My layover was a little over an hour. The bus station was old. After a certain point, most Greyhound stations look alike. Some have more bells and whistles than others, but there’s a lot of consistency in the colors and font styles… you know, that McDonald's kind of thing? At some point someone in their marketing department decided that stations built or renovated after a certain year needed to have a more consistent look. Maybe they were able to get that industrial gray and blue paint in bulk. The walls were a dingy brown that looked like it had been left standing after the Spanish-American War. The ticket window was closed and locked. There was a space against the far wall where pay lockers probably used to be. There was one payphone that probably worked because there was a sign over it advertising a special rate to call Mexico. All the windows had heavy metal grating over them, making it next to impossible to look outside. Not that there was much to see. The station was beneath the bridge that stretches over the Rio Grande in Nuevo Laredo and what few lights there were right outside the station did nothing to cut the darkness.
             
The ticket counter was closed, but the bathrooms weren’t. I went and splashed some water on my face. When I came back the man sleeping on the chairs had begun to snore. They were these deep, snorkeling, passed out drunk kind of snores. I sat down in another seat that wasn’t too close to him. I’d had longer layovers. I waited something like seven hours in Chicago for a transfer. Late night layovers are a little worse, though. You don’t really want to go to sleep in case you miss the call for your bus. And I wasn’t sure this was the place I wanted to miss my bus, anyway. Seeing it in the daylight was no incentive either.
             
And I know what you’re thinking. Why think about being stuck in Laredo when I have a job interview in Phoenix? It’s hard to explain. I always have this inclination to shoot myself in foot, I guess. To run contrary to what I probably ought to do for no other reason than it’s contrary. I’m working on it.
             
Anyway, so I’m sitting there, nodding off but trying not fall asleep. Then someone says Have you seen the tattooed pig?
           
 Well I open my eyes. The guy who was asleep is sitting up and looking at me.
            
 What?
             
Have you seen it yet?
            
 Seen what?
             
He was getting a little impatient. The tattooed pig. Have you seen the tattooed pig?
             
No. Can’t say I have.
             
The man sighed like he was annoyed or disappointed. His lips flapped when he sighed, like a drunk in a 1950’s sit com.
             
You will, he said. You will see the tattooed pig. It will all make sense then.
            
 Ok, then. Thanks.
            
 Did you know there are carnivorous pigs in southern Arizona?
            
 No. I didn’t.
            
 He shook his head a bit too vigorously. Yep. Be on the lookout.
           
 Sure thing. I’ll be on the lookout for a tattooed pig.
            
 The man frowned. No. That’s different. The tattooed pig doesn’t run with other pigs.
             
Ok, then. I was a little confused, a little jealous because I really wished I had some of what this guy was on.
           
 When you see it, it will make sense.
           
 I was about to inquire further about where one might find a tattooed pig…or for that matter, why anyone would tattoo pig. I was also a little curious about what it was that I didn’t understand that seeing an ink stuck pig would clear up for me. I was about to ask when the door opened the armed cop looked at me.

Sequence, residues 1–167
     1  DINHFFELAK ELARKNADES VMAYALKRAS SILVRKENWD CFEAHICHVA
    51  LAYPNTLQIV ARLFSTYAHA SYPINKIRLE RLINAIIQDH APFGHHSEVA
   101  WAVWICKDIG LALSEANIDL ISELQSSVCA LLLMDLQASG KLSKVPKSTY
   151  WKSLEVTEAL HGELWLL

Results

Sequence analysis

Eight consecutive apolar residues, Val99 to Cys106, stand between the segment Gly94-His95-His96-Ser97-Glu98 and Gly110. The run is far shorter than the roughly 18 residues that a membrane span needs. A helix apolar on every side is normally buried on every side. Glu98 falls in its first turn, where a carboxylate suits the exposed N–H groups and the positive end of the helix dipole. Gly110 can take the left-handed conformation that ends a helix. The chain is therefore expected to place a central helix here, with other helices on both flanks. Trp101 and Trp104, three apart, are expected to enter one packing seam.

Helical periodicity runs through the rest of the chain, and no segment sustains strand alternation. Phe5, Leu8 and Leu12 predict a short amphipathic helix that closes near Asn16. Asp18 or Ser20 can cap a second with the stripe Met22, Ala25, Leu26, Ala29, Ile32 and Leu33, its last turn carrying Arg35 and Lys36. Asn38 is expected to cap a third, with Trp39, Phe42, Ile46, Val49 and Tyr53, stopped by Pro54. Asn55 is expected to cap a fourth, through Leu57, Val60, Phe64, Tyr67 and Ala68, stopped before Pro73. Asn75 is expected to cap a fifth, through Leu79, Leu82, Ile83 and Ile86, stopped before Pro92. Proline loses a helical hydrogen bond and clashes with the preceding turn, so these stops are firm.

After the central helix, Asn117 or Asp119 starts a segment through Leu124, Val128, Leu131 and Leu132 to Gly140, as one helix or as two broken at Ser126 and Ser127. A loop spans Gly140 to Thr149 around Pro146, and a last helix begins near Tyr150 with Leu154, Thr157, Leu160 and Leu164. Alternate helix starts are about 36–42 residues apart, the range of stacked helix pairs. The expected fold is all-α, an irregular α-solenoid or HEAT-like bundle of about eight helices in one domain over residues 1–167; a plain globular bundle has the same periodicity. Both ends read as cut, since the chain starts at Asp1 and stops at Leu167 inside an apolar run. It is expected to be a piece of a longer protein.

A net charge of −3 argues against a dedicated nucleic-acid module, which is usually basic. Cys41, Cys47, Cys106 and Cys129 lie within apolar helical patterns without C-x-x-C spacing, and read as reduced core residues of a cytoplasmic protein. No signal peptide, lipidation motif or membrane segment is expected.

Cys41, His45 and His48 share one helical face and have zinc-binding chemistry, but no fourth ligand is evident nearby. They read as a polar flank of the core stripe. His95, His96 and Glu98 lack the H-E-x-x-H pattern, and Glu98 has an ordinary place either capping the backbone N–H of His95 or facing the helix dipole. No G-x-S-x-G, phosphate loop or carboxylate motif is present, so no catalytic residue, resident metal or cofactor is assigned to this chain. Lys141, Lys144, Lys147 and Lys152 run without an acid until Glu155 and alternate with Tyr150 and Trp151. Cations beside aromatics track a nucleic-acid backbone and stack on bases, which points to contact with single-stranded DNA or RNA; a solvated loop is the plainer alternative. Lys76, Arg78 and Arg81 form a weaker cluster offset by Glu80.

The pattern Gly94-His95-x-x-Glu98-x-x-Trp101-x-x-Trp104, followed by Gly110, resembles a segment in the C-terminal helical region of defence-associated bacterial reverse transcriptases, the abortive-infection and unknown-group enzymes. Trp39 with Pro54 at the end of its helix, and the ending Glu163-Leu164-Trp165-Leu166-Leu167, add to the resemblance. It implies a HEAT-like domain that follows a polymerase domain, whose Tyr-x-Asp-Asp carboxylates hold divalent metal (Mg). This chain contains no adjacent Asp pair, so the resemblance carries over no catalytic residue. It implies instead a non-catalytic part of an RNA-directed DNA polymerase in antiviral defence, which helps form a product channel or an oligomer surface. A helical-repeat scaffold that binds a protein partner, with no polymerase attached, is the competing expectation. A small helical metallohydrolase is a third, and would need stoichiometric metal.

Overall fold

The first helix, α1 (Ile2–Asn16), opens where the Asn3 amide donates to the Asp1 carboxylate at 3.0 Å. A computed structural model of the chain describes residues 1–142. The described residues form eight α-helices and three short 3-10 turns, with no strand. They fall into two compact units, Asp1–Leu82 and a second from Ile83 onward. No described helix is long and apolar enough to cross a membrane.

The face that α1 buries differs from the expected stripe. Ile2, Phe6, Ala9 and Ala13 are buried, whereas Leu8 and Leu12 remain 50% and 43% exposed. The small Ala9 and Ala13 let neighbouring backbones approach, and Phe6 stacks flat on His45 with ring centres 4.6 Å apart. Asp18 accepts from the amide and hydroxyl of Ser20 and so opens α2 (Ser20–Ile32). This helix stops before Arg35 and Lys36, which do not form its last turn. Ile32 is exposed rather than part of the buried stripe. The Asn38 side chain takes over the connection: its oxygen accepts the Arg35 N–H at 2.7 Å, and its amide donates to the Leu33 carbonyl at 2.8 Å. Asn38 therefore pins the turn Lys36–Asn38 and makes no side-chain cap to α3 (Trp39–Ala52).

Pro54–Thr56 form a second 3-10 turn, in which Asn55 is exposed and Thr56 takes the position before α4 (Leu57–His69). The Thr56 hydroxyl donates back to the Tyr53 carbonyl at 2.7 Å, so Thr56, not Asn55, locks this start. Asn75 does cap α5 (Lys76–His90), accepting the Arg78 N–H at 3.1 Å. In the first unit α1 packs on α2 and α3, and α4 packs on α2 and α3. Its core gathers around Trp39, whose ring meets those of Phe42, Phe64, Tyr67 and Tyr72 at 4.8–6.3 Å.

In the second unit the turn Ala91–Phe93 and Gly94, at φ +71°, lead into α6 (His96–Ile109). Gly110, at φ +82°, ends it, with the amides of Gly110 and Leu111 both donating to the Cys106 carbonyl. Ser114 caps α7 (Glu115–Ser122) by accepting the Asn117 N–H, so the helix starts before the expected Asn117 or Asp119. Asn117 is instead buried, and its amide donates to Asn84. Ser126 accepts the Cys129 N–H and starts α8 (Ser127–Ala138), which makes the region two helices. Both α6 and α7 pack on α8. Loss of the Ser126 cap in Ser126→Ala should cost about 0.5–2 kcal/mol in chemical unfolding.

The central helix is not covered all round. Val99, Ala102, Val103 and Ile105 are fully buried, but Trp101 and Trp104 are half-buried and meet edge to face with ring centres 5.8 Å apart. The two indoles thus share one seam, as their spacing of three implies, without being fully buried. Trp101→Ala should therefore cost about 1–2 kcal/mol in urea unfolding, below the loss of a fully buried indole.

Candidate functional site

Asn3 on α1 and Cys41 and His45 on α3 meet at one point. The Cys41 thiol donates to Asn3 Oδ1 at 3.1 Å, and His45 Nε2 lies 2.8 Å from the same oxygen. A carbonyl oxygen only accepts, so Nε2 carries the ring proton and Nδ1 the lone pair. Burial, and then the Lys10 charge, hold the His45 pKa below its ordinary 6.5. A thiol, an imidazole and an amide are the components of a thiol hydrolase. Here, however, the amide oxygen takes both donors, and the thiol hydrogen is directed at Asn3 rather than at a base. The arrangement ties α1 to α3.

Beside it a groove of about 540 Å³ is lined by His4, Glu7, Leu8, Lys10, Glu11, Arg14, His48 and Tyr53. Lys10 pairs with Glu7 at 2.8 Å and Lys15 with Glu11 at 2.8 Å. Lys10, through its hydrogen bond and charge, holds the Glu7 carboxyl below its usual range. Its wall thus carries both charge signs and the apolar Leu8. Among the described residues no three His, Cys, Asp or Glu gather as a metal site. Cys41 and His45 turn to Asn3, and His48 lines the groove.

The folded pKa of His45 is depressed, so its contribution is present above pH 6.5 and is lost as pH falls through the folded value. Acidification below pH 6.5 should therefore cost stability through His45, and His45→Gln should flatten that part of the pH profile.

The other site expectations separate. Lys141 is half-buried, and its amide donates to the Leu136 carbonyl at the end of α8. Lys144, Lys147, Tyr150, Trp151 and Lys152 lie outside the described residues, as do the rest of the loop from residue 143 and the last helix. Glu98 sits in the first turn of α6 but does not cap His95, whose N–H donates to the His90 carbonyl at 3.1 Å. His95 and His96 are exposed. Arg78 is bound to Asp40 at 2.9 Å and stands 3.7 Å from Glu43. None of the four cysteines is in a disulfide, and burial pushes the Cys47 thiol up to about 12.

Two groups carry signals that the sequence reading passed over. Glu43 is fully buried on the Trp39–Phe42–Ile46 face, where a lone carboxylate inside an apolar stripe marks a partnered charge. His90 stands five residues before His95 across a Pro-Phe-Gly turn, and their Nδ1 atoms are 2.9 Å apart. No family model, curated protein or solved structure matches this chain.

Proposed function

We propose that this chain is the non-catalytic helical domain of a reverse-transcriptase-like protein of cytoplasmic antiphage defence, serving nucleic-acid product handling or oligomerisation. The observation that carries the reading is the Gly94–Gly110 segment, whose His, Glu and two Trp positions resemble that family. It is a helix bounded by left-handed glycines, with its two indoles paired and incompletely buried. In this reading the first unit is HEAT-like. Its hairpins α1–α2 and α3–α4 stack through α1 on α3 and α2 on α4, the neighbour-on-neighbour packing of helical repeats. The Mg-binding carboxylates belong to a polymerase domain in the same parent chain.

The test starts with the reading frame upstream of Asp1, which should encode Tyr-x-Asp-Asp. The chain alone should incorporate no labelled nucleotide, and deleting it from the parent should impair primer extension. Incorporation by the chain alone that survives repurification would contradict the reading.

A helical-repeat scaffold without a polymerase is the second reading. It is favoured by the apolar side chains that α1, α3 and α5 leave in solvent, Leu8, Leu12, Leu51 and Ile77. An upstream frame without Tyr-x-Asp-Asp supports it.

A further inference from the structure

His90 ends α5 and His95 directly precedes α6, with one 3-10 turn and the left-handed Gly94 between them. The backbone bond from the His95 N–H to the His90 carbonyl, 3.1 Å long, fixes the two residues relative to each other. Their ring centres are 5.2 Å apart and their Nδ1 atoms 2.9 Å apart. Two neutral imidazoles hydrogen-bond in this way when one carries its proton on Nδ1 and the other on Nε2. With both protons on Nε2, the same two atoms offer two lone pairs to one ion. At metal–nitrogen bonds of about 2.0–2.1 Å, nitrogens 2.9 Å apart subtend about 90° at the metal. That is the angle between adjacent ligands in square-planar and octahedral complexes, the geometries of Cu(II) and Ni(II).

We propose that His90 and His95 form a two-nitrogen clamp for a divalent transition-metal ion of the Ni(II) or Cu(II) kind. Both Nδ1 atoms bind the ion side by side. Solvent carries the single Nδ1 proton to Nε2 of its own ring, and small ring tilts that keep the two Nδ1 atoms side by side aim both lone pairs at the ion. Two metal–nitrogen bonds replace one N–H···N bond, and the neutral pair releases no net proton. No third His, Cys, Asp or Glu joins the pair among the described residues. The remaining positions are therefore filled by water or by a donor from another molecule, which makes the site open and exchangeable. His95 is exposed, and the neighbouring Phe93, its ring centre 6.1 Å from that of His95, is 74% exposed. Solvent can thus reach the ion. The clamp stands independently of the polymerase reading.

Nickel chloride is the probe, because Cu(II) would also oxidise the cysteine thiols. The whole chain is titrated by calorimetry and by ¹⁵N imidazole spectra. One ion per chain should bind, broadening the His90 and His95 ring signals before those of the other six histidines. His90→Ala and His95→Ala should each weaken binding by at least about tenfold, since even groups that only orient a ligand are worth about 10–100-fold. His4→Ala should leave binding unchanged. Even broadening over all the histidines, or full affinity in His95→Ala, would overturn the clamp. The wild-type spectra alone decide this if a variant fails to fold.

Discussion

You waiting on a bus to Las Vegas?
            
 Yep.
           
 Well, it’s here. Get a move on.
           
 So I grabbed my stuff and headed towards the door. The cop acted like I was interrupting his busy schedule of standing there looking bored and heavily armed. It was obvious the bus had pretty much stopped just to pick me up. I’ve noticed that bus drivers hate the one person pickups. They’re normally at out of the way or under used stations, and they almost always cut into the regular schedule. I boarded and found an empty couple of seats… meaning I would be able to stretch out and relax a little for the next leg. Before we pulled away from the station two cops came on board. The one in front had a drug sniffing dog. The other checked everyone’s ID against their bus ticket. After each of the 20 or so passengers were checked, they exited the bus and we started moving.
            
 The bus didn’t move more than maybe a thousand feet before it stopped again. We were still underneath web of concrete created by the interstate and the bridge. This time two different cops and a different drug sniffing dog got on and checked everyone’s ID against their tickets. Again. This time, the one checking tickets asked me where I was headed.
             
Vegas.
           
Is that your final destination?
             
Depends on how do at the blackjack tables.
             
Silence.
             
I’m on my way to Phoenix for a job interview.
             
He looked at my driver’s license again. Then he looked at my ticket, which he held in the same hand so he could keep his other hand free to sit on the butt of his gun.
            
 The cops left the bus, but then they opened the bottom of the bus and set the dog to sniffing all the checked luggage. After a minute or so, they pulled one of the bags out. The cop who didn’t have the dog boarded the bus and asked one of the other passengers, a dark complected man who was probably in his mid 30’s (around my age) to please disembark the bus and speak with him. The man obliged.
             
People are, for most part, looky-loos.  Generally, if there’s a wreck on the interstate it’s not the accident or accident clean up that’s causing the delay. It’s the damn rubberneckers slowing down to see there’s a dead body they can gossip to their friends and families about. We’re basically obsessed with what’s happening with other people, you know? I mean, we can’t help ourselves. Maybe it’s some latent ESP linked kind of empathy from when people were more connected. Maybe it’s schadenfreude. Maybe it’s a way to prove to ourselves that we’re still alive, like trying to catch a corpse breathing during a funeral.